Theft/Stealing Adelaide Hills


Theft/Stealing – Section 134 Criminal Law Consolidation Act 1935 (SA)

Theft/Stealing: In South Australia, to be found guilty of the offence of theft you must deal with property dishonestly and without the consent of the owner, and with the intention to permanently deprive the owner of the property or to seriously encroachment on his or her proprietary interests.

It is also an offence to receive stolen property from another person.

Conduct will be dishonest if you act dishonestly according to the standards of ordinary people. You must also know that the conduct is dishonest according to those standards. Conduct will not be dishonest if you honestly but mistakenly believed that you had a right to deal with the property the way you did or if you found the property and believed that the owner could not be found.

Encroachment on proprietary rights means:

1. that the property is dealt with in a way that creates a substantial risk that it will not be returned; or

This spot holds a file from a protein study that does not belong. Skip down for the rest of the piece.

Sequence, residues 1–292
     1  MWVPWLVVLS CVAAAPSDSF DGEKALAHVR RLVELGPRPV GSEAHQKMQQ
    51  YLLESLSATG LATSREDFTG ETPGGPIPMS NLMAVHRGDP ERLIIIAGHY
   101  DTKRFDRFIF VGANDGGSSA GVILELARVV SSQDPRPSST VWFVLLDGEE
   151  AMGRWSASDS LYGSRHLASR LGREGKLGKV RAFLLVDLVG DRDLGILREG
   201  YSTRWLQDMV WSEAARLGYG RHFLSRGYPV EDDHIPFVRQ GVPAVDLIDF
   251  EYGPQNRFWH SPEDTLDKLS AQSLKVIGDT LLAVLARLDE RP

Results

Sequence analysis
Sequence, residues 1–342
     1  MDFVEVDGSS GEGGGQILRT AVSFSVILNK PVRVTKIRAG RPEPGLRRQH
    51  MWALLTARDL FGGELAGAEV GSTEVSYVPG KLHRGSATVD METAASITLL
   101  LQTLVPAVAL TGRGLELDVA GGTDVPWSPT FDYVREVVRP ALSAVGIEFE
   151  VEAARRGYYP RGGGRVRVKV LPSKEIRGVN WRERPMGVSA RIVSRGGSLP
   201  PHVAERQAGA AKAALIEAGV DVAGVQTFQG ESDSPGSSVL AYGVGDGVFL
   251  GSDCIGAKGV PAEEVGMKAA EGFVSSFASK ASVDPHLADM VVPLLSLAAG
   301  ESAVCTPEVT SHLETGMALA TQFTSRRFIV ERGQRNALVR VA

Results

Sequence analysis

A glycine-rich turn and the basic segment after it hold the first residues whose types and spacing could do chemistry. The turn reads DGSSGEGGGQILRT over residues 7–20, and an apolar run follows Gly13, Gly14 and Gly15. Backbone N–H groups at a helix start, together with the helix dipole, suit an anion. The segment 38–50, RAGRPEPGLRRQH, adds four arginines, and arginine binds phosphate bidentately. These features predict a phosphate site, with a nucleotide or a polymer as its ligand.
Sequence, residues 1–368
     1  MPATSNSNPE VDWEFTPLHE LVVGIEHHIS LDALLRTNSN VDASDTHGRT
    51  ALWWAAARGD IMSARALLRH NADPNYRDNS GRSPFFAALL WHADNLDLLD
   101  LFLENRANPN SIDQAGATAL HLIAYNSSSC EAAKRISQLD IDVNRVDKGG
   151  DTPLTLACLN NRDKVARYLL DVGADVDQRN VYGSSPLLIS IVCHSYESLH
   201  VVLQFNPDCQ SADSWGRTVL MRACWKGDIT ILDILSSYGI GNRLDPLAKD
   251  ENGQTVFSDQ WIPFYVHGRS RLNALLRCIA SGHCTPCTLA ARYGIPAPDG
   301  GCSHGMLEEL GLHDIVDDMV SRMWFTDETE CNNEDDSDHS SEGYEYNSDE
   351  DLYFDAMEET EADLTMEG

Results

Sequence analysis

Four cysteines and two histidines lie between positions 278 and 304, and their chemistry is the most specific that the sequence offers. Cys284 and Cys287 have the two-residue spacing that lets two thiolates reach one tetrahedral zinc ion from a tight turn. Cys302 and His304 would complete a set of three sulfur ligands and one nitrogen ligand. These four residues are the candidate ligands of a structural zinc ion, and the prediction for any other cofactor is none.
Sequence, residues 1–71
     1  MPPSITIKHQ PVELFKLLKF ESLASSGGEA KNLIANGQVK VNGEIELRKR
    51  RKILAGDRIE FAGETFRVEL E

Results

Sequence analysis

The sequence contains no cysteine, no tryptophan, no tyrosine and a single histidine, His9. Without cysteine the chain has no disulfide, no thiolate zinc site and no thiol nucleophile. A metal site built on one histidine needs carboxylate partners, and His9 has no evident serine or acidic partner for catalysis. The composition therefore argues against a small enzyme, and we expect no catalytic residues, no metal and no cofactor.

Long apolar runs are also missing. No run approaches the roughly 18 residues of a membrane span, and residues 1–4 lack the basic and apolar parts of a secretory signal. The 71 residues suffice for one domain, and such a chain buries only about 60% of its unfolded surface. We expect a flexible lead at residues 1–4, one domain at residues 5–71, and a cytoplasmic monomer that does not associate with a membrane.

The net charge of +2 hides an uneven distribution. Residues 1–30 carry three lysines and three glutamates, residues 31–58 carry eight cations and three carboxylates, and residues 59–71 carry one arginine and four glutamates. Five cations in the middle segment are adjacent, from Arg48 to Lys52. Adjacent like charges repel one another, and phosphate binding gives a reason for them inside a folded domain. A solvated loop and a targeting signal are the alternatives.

2. that the value of the property will be greatly diminished when the owner gets it back; or

3. where property is treated as the accused own to dispose of, disregarding the actual property owner’s rights.

Proving the charge:

1. you dealt with property;

2. the property was owned by another;

3. you did not have the owners consent to deal with the property;

4. you intended to deprive or seriously encroach on proprietary rights;

5. you dealt with the property dishonestly.

Available defences:

1. Claim of Right (Conduct)

Your conduct is not dishonest, if you have acted on an honest but mistaken belief that you had a right to act in that way.

2. Claim of Right (Property)

An assertion of a right to property is not dishonest if you honestly believed that you had such a right.

3. Finders Exemption

You will not be acting dishonestly if you find and deal with property in the belief that the owner cannot be found by taking reasonable steps to find the owner such as reporting to the Police posting on FB and the like and there is no obligation to return or give up the property.

4. Honest Acquisition

If you acquired property in the honest (but mistaken) belief that you acquired good title, you cannot be guilty of theft.


For a basic offence – a maximum of 10 years imprisonment.

For an aggravated offence – 15 years imprisonment.